Rodney Gaines & Dana Kiernan, Virginia Community Voice | July 26, 2021
The marginalization of Black people in Richmond, Virginia has a long history.
Richmond was home to the second-largest slave trade in the South. The Virginia General Assembly was the first to pass slave codes in 1705 and one of the last to integrate its schools in the late 1960s.
Against this backdrop, it’s not surprising that institutional decision-making here continues to be inequitable, with people of color underrepresented in nearly every decision-making body.
This is not because residents of color don’t have an opinion on what needs to be done but because they haven’t had access to power and resources. People who best understand the issues have a radical imagination for change.
As Rodney Gaines, long-time Southside resident and now Community Advocate with Virginia Community Voice says, “When your community interests are not being served, you learn to do for yourself. Our community is the first step toward eliminating the violence in the streets.”
The mission of Virginia Community Voice is to equip neighbors in historically marginalized communities to realize their vision for their neighborhoods and prepare institutions to respond effectively. We have two programs, RVA Thrives, and Community Voice Blueprint.
Neighbors like Rodney joined RVA Thrives through our first listening process on Richmond’s Southside in 2017. As he puts it, “Home and your Community is the foundation of everything we see and do in our everyday life and relationships. When you look at your neighborhood or community, it is very easy to see what is not being done. Also, when your needs are not being met, there is a tendency to complain, shut down and not care. If your community or neighborhood is not a safe, clean, pleasant and friendly space to return home to, this can become negative energy and everywhere you go; you carry that with you.”
These are the kinds of things we heard from Southside neighbors during our first listening process in 2017.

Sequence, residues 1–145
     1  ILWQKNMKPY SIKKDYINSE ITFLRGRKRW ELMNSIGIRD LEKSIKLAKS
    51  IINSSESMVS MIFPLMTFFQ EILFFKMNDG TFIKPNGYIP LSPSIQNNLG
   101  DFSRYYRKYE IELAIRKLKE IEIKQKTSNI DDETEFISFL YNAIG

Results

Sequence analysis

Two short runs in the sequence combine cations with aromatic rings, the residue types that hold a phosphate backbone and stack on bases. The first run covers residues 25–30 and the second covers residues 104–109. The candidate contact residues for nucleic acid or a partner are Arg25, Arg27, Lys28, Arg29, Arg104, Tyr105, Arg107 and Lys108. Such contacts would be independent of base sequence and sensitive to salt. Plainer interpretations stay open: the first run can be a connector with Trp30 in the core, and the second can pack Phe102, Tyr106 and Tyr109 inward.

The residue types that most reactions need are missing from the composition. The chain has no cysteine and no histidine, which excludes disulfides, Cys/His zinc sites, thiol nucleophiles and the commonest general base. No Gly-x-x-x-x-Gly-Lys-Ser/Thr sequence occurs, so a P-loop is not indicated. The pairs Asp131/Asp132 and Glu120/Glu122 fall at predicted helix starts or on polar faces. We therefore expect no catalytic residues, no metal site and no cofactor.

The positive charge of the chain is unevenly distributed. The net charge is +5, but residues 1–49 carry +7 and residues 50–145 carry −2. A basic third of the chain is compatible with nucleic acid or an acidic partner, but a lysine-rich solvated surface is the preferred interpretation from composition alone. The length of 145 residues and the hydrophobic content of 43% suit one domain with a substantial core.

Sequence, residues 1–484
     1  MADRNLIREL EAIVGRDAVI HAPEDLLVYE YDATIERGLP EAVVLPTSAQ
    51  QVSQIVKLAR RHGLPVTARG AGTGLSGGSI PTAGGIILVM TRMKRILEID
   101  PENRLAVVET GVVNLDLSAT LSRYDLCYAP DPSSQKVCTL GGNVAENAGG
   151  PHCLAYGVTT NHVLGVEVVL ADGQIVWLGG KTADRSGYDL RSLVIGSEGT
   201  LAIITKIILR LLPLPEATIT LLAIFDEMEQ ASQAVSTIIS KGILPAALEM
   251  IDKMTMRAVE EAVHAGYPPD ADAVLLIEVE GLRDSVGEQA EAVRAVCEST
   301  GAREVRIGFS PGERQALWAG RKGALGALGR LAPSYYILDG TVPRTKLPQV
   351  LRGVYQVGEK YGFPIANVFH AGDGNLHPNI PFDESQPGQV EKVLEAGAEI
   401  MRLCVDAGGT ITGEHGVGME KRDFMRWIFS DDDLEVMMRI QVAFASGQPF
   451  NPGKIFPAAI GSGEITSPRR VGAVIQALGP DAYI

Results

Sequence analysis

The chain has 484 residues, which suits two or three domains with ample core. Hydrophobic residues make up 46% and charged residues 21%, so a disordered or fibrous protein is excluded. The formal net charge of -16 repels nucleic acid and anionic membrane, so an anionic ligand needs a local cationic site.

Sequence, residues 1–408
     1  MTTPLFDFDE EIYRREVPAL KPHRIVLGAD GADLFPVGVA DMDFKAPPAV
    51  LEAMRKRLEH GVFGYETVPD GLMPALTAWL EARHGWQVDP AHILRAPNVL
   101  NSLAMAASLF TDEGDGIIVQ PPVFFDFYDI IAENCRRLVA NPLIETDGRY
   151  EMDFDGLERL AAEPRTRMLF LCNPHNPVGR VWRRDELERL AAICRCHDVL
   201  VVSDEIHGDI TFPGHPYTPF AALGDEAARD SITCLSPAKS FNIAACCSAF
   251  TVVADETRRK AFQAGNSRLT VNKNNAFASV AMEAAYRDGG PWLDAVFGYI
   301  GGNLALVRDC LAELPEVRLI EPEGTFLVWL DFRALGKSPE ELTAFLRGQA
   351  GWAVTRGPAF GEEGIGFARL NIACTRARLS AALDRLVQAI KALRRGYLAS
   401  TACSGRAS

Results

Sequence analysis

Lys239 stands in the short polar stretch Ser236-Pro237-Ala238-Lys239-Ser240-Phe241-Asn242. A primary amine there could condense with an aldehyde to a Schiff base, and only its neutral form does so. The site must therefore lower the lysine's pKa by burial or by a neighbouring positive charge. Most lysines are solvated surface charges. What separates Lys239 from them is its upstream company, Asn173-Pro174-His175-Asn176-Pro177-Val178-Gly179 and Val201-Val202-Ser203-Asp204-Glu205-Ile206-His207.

Through more than 100 one-to-one conversations and 50 recorded interviews with residents, our staff started to understand the hopes, challenges, and vision for a more thriving community. Every time they met with a neighbor, they asked, “who else should we meet with?” The network grew.
Next, we started to design a community survey, but we knew we wanted to do this differently from other organizations.
During our initial conversations, neighbors shared that organizations entering and leaving communities rapidly were the Southside norm. Each time someone came and went, there were no tangible benefits or changes for community members. Understandably, long-time neighbors like Rodney were skeptical of RVA Thrives at first. Neighbors were tired of outside groups coming into “help,” and many had stopped interacting with nonprofit groups like ours.
As an organization founded and led by Black women, our staff understood the deep frustration of not being heard about issues that are often a matter of life or death. We knew we had to be different.
We were determined to center people directly impacted in all our decision-making.
For example following the completion of the first draft of our community survey, we asked the residents on our newly formed Steering Committee to review the questions. Specifically, we asked the Committee if the questions were accessible, culturally appropriate, made sense, and if they would get us the answers we were looking for.
The Committee members did not hold back. They told us plainly that the questions were not accessible for this community and worked with us to improve them. After a few rounds of reviews, we had our final survey.